September 11, 2017


In response to the investigation Minister for Transport Darren Chester listed road building and research projects – none of which will tackle the pressures on truck drivers to drive long hours, speed and skip mandatory rest breaks.


Both the Minister and the Australian Trucking Association have also cited funding for the National Heavy Vehicle Regulator – which is being used for extra speeding cameras designed to catch and fine truck drivers rather than address the pressure in the industry to break the rules. They both refer to chain of responsibility laws which are not designed to prevent safety risks and which have failed miserably to hold those responsible to account.


“The Government and the industry associations have their heads firmly in the sand over the crisis in trucking. They are happy to pile all the blame on truck drivers for what is happening instead of forcing those with the power to take responsibility: the wealthy retailers and manufacturers at the top of the supply chain. The evidence is there to show why deaths from truck crashes are increasing. The Government and industry groups need to support a meaningful solution,” said TWU National Secretary Tony Sheldon.


“Families and communities are being left devastated because of truck crashes. Truck drivers have Australia’s deadliest job. The urgency to tackle this crisis is real yet the Government continues to do nothing and industry groups stand in the way of a solution,” he added.


The Federal Government and industry groups shut down the Road Safety Remuneration Tribunal last year, which was investigating safety in trucking. The tribunal in a world first was holding wealthy clients at the top to account for low cost contracts that are financially squeezing the industry.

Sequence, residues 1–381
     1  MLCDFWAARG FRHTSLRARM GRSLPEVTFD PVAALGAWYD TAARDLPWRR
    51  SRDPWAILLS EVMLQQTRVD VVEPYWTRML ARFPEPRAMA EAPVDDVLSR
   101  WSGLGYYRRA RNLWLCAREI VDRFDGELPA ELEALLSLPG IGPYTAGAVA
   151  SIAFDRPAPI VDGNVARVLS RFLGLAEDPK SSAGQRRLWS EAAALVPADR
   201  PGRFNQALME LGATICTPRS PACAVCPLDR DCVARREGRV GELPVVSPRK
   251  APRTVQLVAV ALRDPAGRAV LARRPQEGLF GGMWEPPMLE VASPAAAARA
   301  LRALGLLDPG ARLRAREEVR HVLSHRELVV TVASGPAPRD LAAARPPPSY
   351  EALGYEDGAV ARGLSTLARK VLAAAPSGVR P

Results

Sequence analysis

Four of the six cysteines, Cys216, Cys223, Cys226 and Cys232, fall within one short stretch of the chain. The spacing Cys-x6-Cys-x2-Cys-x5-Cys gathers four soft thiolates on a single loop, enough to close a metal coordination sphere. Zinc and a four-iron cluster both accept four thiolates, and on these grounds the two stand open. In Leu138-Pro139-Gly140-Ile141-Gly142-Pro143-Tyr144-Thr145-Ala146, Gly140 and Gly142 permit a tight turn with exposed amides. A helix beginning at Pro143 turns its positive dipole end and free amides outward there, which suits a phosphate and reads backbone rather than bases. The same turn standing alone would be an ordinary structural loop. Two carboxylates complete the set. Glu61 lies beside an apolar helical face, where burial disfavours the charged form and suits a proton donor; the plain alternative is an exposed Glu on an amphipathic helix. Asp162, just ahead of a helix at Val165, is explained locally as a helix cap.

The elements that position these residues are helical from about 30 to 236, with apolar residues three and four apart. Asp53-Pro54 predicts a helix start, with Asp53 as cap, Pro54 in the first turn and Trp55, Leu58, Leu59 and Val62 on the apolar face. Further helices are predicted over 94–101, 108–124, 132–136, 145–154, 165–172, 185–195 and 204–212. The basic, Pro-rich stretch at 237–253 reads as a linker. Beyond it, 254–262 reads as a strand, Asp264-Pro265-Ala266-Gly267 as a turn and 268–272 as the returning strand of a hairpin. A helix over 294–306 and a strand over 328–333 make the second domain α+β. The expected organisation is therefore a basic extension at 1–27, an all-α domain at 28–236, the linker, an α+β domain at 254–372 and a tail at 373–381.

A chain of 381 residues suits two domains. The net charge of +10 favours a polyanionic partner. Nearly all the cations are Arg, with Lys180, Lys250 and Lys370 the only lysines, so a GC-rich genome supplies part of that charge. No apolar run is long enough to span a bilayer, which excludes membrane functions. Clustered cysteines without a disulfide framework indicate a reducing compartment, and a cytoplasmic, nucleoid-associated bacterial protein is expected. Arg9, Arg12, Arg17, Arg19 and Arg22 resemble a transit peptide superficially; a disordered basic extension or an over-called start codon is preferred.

Fatal crashes involving articulated trucks have increased by over 7% this year, according to the Bureau of Infrastructure, Transport and Regional Economics. Safe Work Australia data shows that 40% of all workplace deaths involved transport workers. This is up from one in three transport workers last year and one in four in 2015.


A media investigation has linked the increase in truck crash deaths to the pressure drivers are under to take risks to get the job done. It highlights a litany of failings in the industry, including vehicles overloaded, vehicles not maintained properly, long driving hours, speeding and driving schools giving licences without adequate training.


Thousands of truck drivers around the country have held several major protests over deadly pressure in the industry. Two weeks ago 500 drivers protested at an Aldi store in western Sydney over the wealthy retailer’s failure to discuss ways to improve safety. Protests have also been held at Aldi operations in Fremantle and Adelaide. Aldi has taken Federal Court action to try to stop truck drivers protesting against them and to restrict social media and other communications revealing safety and pay in their supply chains.


Jasmine Payget, whose six-year-old son Rian was killed in a truck crash, said change was vital. “The government just needs to do its job. Last year the Federal Government abolished a tribunal which made legal rules to ensure more safety on the roads. They have replaced it with nothing.  is there any wonder that deaths and injuries are increasing? I am a mum who was going away for the weekend with her family. I have a right to roads that are safe. Truck drivers have families and they have the right to come home safely,” she said.

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